The news sucks every day.
The solution isn't to stop reading the newspaper. Though the temptation to ignore the world keeps growing greater in me. In fact, everything today from politics, to sports, to business, to entertainment seems horribly, irredeemably corrupt.
The term I stumbled upon not long ago is "systems collapse." Where the cost of upholding a system of order is greater even than the value of the order it upholds.
Why pay for insurance, for instance, or police, or education, if the cost of paying for those things is greater than the benefit they provide. Systems collapse happened during the global economic meltdown in 2008. Why keep up mortgage payments when the value of the house you're buying is well-below the price you're paying.
The most palpable example I've found of systems collapse took place in Knossos about 3000 to 5000 years ago.
Knossos was the world's cat's pajamas civilization-wise.
And then it just disappeared about 1200 BC.
From hero to zero, as they say.
Knossos had always surrounded itself with walls to protect its citizens. More and more citizens wanted protection, so over time, the circumference of the walls expanded. Soon, the costs of adding more wall overwhelmed the amount of taxes the wall-builders could collect for building those walls. So they stopped building the walls. Then, as they say in the kids' nursery rhymes, "all faw down."
Add to spiritual decay climate catastrophe (in the case of Knossos, a gigantic earthquake) and in the blink of a millennia's eye, Knossos is Kno-more.
The only subject I'm even nominally qualified to write about is advertising. I think the industry is in the late stages of systems collapse as well.
Let's focus on holding company agencies for just one minute.
You can't spit without hitting an article on LinkedIn or somewhere about how hard it is to find and keep people in agency jobs. My (educated) guess is that holding company turnover runs at about 40%. Which means, according to the law of 72, agencies average complete personnel turnover about every 21 months. For those keeping score, that's less than two years.
Couple more numbers, then we'll make some soup.
In 1975 CEO wages averaged twenty times median employee wages. So, if a median worker made $15,000, the CEO made $300,000. Today, the average CEO makes three-hundred times their median worker. So if the median worker makes $75,000, the average CEO makes just under $23,000,000.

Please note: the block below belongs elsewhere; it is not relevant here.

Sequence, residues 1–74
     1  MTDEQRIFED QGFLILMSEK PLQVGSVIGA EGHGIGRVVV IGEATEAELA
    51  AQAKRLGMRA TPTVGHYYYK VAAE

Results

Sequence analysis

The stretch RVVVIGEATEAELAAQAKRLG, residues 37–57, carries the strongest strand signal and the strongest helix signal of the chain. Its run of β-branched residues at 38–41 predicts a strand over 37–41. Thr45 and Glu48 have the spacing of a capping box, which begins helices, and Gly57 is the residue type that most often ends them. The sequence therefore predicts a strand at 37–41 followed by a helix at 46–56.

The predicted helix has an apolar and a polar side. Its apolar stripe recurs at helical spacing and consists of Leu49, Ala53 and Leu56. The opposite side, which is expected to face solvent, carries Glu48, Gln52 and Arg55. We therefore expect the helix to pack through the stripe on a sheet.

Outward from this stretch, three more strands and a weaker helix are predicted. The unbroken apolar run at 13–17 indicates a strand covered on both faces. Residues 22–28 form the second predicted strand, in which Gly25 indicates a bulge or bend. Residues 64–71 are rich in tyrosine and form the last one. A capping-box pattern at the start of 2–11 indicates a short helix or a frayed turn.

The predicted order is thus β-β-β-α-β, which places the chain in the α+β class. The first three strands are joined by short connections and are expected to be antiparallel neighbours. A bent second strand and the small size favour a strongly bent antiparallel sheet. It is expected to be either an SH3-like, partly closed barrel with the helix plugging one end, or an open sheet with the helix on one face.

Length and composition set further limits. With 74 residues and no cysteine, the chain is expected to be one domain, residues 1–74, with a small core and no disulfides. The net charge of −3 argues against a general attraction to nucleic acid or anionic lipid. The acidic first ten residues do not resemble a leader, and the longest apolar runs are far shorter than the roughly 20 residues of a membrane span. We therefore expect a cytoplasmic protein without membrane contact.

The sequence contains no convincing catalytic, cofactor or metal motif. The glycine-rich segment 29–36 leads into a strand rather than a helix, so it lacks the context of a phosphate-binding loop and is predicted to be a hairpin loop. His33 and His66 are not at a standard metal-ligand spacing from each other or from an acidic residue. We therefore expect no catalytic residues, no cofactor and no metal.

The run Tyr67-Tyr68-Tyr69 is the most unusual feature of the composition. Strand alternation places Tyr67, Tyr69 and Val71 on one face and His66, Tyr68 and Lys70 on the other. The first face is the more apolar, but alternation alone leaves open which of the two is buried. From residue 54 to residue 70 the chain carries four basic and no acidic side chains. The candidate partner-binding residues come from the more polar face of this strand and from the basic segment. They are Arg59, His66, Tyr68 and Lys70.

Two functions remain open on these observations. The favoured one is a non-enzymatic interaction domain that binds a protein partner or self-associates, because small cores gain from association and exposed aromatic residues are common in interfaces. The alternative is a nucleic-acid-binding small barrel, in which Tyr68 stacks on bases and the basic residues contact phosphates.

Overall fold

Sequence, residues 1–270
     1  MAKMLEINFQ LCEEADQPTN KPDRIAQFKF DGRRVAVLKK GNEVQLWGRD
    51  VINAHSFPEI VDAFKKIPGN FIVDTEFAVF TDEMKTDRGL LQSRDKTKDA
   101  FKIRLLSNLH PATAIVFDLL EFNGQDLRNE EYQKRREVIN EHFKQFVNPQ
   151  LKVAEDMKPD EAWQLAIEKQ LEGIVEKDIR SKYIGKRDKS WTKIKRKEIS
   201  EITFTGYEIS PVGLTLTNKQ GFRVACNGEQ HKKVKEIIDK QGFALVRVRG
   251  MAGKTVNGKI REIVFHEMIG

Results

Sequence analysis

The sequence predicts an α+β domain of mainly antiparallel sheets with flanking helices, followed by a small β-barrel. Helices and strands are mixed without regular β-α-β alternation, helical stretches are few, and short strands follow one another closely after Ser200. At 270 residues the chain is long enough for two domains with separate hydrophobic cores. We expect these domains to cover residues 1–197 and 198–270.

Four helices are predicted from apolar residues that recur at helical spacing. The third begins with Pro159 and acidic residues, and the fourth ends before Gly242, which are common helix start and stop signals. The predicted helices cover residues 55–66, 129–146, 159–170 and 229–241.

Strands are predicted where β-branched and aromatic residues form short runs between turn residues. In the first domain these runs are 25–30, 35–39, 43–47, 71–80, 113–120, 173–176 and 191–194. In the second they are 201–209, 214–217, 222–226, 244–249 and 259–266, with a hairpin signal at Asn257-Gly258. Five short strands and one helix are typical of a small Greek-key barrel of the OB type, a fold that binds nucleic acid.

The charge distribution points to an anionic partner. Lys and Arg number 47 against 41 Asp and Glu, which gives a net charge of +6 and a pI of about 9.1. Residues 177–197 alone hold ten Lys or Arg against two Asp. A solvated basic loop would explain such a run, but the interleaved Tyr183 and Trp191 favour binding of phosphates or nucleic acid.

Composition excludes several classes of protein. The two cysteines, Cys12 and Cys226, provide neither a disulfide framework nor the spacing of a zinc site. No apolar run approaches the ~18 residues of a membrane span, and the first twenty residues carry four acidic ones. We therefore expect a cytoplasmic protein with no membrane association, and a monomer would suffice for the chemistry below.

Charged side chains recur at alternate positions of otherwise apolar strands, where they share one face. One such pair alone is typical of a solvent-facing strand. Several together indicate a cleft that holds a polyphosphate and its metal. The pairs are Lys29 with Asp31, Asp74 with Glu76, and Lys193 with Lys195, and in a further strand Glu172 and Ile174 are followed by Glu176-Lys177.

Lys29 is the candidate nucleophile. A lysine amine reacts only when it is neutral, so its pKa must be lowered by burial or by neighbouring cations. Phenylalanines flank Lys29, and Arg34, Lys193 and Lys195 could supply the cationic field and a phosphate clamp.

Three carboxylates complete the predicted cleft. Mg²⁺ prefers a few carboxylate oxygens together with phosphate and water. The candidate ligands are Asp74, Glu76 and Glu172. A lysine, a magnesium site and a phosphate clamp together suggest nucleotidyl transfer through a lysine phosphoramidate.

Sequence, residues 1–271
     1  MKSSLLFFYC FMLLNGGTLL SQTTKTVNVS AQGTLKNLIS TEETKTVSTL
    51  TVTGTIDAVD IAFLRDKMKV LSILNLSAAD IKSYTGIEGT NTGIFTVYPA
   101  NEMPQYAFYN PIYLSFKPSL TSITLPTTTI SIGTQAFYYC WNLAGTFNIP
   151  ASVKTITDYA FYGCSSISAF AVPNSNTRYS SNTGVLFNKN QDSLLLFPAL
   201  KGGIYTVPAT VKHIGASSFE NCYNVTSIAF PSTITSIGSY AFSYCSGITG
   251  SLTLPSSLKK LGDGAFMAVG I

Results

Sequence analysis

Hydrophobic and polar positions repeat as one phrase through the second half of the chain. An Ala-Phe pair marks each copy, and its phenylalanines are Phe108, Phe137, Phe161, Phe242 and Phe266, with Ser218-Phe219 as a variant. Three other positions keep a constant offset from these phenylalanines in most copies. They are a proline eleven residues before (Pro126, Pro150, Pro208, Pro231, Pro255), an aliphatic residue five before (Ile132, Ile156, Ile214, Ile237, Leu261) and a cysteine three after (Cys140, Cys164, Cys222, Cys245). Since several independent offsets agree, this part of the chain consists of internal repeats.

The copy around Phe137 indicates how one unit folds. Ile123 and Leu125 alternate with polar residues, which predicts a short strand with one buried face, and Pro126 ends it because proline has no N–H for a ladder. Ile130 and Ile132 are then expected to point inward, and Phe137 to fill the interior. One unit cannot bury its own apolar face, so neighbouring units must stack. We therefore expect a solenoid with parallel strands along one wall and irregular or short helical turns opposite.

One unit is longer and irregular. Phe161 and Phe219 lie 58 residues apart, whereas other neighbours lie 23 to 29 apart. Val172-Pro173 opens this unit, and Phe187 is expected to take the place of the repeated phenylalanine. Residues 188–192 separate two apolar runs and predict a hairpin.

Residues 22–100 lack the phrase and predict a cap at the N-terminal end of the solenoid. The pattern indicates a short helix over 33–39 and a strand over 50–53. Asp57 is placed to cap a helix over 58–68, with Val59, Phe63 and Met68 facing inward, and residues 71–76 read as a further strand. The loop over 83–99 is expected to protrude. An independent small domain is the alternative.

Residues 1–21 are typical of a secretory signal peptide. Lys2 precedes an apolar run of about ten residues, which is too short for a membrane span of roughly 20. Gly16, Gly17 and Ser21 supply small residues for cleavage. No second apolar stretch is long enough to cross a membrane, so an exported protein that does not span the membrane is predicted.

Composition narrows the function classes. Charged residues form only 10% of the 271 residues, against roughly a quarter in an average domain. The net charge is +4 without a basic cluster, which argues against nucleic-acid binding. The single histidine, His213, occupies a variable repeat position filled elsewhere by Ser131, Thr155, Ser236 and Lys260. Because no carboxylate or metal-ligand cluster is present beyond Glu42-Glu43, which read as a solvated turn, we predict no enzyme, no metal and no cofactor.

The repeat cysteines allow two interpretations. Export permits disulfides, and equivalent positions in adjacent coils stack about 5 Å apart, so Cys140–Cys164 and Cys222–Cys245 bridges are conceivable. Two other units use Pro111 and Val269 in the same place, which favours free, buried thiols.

Then there's this, which should be self-explanatory. Workers are making more, and getting less. The profits from productivity gains are going to the C-suite, not the you-and-me-suite.This all seems like a systems collapse recipe to me. Not enough people in the systems have an incentive to keep the system working.
I wonder what would happen--if it's even possible for it to happen without cataclysms and violence--if there were a "great reset." A reset on the order of the one Henry Ford instigated a century ago when he paid his workers $5 a day--five times higher than the prevailing wage. On the supposition that if your workers could afford the products they were making it would be good for business for everyone.
What if the leaders of the ad industry pegged C-suite wages to 100x median workers' salaries? Would they really have a hard time finding a CEO willing to work for $7.5 million? (I'd do it.)
What if the leaders of the ad industry said, "nothing leaves my agency that I wouldn't want my family to see. I will post no ads on fascist sites. Nothing that insults one's intelligence. Nothing that is full of lies and 45-seconds of death disclaimers."
What if the leaders of the ad industry started with "how can I show the people who make me money how much I appreciate their work." Rather than, how can I squeeze the murgatroid out of them to maximize profits.
All the nonsense about Chief Talent Officers, Chief People Officers and Diversity, Inclusion and Equity is so much bushwa unless inclusion means we're all included in making an equitable living.
That's not the case today.
And the industry rends its garments and wonders what's wrong with the industry.
The great reset asks how can I love my people more.
Not how can I get more out of them.
How much harder will they work if I treat them well.
Not, how much harder will they work if I beat them well.
There's a reason customers in today's semantics are called users. First we're used. Then we're used up. Now we're used to it.
Earlier this week a veritable hagiography was unleashed on the death of Dan Wieden of Wieden & Kennedy. Most of it focused, as it should, on the work he and his agency produced.
My guess--and it's only a guess--is that one of the ways Wieden & Kennedy has managed to stay so good for so long involves the attention and care they show toward their employees. I could be completely wrong here. Maybe a Wiedenite will correct me. But I'd guess, unlike so many agencies, management at Wieden spent more time encouraging good work than yelling at people for being in timesheet arrears.
Not a Dan Wieden story, but a Lee Clow story. Maybe a Lou Gehrig to Wieden's Babe Ruth. One day after everyone spent all night getting the work together, this 24x36" sheet of paper was hanging from the ceiling in the studio.
Maybe that's a start of how you reset.
Showing you care.
Writing (and showing) the word love.Let's talk about it over a $600 bottle of wine from the deck of a 127-foot yacht in Cannes.
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